h1. Changing tastes

Barbara Kingsolver finds another reason to love family dinners in her book Animal, Vegetable, Miracle:

"Consider a recent survey from the National Merit Scholarship Corporation. The NMSC profiled National Merit scholars from the past 20 years trying to find out what these stellar students had in common. They were surprised to find that, without exception, these kids came from families who ate together three or more nights a week."

So family dinners not only keep kids off drugs but also make them smarter? Bonus. Unfortunately, it's an urban legend, as Po Bronson reports on his blog:

"\[N\]o such research has ever been done. Not by NMSQ itself. Not by Columbia. Not by anyone. Got that? There is literally no research to support this. \[Elaine Detweiler, the director of public information for the National Merit Scholarship Qualifying Test, is\] not saying the findings are inconclusive. She's saying that no one ever did that research. The report just does not exist. In fact, Detweiler asked a reporter, 'Let me know if you find the source of this myth.'"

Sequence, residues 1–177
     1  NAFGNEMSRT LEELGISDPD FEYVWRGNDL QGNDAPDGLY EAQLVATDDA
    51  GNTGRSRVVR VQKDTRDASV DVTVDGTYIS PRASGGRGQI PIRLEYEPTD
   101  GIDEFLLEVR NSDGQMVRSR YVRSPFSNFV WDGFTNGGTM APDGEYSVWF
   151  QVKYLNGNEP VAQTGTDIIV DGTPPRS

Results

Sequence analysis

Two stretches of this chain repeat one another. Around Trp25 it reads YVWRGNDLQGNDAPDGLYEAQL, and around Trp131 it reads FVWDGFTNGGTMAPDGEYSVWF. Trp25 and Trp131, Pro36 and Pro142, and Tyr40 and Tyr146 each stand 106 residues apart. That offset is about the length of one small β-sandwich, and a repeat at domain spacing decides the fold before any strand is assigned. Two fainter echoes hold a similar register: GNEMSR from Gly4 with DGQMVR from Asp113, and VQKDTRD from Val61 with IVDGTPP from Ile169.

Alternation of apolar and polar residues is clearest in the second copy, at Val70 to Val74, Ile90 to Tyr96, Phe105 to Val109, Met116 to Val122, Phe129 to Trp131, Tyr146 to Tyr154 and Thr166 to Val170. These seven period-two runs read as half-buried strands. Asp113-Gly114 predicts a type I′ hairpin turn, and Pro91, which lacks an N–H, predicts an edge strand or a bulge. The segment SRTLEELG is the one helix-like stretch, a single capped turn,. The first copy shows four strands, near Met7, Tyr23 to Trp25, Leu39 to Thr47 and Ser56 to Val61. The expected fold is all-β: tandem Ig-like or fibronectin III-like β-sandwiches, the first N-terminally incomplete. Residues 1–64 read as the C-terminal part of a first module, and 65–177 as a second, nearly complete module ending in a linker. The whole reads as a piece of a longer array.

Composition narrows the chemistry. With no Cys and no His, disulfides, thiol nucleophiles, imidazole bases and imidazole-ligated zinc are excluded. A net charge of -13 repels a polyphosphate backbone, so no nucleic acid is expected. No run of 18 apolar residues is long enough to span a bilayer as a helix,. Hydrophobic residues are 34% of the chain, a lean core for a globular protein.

CASA found the same thing when it asked teens why family dinners aren't more frequent in their families. The most popular answer: One or both parents work late (26 percent).

The rate of moms working full- or part-time jumped from 52 percent in 1982 to 70 percent in 1996. (And mothers of teens are more likely to work than mothers of young children.) Family dinners, so closely correlated with whether Mom works, almost certainly declined during this period — but I'll admit I didn't find actual survey data on this.

What happened to rates of teen drug use? They also declined: The percent of high school seniors who reported having tried any illegal drug dropped from 64 percent to 51 percent, according to the National Institute on Drug Abuse. So while women went to work in greater numbers, teen drug use declined. Presumably neither of these trends caused the other.